High Dynamic Range (HDR)

High dynamic range refers to the quality of the pixels in the TV rather than the quantity. These pixels are capable of producing the brightest possible whites and the darkest possible blacks with more colors in between. The image will never look washed out, and you’ll see every detail the cinematographer intended, even in dark scenes.

Ultra High Definition (UHD) and 4K

When it comes to consumer displays, UHD typically means that the resolution is 4K (the best you can get without spending thousands and thousands of dollars). Where an HD, or High Definition TV may have 1920 pixels along the length of the display, a 4K UHD display would have twice that amount within the same space, producing a visually stunning image.

HD 1080p versus UHD 4k resolution

3. Choose 4K to future-proof, but know the limitations

These TV screens have about 8 million pixels. That’s the equivalent of four standard 1080p HD TV’s! All these pixels create an intensely sharp image, which makes for a singular viewing experience. The real difference can be better appreciated the closer you sit to the TV. If you get close to an older TV, you’ll be able to make out individual pixels, meaning that the image will become more pixelated and less sharp the closer you get. 

Here’s the catch: in order to truly appreciate the image quality of a 4K TV, you must have a 4K signal. If you’re investing in a TV that you plan to use for years to come, you should consider 4K, but it’s important to understand that most movies and television shows aren’t yet available in 4K resolution.

Luckily, film studios and other service providers, such as Netflix and Amazon, are optimizing some of their content for 4K televisions, but you’ll still need to have a streaming device that supports 4K playback and a fast (at least 25 megabits per second) internet connection. If your connection isn’t that fast, Ultra HD Blu-ray™ is also formatted for display on 4K TV — you just need a 4K Blu-ray™ player to get this viewing experience.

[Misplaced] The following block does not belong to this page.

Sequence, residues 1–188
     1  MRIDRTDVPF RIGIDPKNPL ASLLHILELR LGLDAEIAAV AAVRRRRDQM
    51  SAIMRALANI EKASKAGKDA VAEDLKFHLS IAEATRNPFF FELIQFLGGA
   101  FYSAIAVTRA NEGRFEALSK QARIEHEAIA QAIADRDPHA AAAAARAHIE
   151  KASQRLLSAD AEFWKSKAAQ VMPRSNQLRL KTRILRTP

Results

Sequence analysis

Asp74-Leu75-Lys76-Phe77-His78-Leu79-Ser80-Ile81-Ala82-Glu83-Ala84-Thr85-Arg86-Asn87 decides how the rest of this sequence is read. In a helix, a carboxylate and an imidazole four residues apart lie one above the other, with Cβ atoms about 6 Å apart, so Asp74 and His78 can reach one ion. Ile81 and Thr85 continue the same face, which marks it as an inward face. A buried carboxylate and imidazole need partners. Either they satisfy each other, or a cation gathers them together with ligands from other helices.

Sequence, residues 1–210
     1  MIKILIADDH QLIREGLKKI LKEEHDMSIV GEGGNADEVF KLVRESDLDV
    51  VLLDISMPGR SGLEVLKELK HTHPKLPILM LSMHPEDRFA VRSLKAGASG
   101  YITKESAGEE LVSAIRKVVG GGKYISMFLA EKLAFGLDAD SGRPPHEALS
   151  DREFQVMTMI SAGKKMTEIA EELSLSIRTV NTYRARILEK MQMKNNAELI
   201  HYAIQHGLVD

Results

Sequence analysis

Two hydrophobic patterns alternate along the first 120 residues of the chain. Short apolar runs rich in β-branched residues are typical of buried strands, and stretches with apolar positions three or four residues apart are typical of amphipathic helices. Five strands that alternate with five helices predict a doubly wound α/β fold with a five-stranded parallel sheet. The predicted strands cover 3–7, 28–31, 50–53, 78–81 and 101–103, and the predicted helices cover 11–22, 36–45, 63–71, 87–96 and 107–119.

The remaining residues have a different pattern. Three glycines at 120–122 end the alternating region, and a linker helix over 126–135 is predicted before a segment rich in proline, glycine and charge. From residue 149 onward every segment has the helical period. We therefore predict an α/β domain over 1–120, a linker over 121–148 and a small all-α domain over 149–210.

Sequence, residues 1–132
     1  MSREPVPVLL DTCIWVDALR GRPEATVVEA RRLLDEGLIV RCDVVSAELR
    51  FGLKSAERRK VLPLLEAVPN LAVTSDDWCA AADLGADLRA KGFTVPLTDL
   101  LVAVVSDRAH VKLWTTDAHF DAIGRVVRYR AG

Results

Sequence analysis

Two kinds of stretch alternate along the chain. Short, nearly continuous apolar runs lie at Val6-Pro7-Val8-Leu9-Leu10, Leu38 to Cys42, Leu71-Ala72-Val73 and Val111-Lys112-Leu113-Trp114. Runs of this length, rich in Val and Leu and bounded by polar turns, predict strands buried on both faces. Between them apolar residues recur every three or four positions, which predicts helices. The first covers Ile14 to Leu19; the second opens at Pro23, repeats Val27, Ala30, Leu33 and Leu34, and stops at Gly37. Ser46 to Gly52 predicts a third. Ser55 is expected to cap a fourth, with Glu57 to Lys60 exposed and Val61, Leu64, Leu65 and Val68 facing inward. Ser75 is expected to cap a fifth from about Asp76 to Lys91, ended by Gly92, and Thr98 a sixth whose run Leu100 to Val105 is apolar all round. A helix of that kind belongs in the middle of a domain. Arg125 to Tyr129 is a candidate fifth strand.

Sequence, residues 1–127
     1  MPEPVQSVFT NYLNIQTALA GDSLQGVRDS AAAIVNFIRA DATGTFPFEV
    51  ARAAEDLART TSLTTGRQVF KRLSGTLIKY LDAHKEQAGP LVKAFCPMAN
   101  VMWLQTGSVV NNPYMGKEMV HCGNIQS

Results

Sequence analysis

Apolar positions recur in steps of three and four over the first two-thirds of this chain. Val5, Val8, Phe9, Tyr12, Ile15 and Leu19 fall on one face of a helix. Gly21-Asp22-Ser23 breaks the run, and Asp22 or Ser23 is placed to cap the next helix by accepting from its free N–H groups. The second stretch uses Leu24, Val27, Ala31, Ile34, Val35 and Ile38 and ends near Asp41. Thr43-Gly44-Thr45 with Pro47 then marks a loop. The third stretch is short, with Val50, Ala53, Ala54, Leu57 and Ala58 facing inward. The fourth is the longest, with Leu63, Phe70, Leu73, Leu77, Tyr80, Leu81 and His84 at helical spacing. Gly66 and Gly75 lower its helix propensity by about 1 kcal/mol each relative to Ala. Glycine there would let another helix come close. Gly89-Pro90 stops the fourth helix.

Content providers with 4K content available to stream

Provided you have a 4K compatible TV and streaming device, the following services are offering content for you to watch in 4K:

  • Amazon Prime Video: collection of films and select original series are available in 4K.
  • Hulu: select original series are available in 4K.
  • iTunes Store: if you’ve purchased movies in the past that are now being offered in 4K, you can stream them in 4K at no charge, but you can only download them in 1080p.
  • Netflix: you’ll need to upgrade your plan to the most expensive offering to access 4K streaming, but once you do you’ll have access to a ton of Netflix originals and other select series and films in 4K. 
  • YouTube: while movies and TV shows are not readily available in 4K resolution, there are thousands of 4K videos from independent content creators available to stream on the platform. Just select the filter and choose 4K under features.
  • UltraFlixsix-hundred plus hours of stunning 4K footage available to stream, including concerts and documentaries.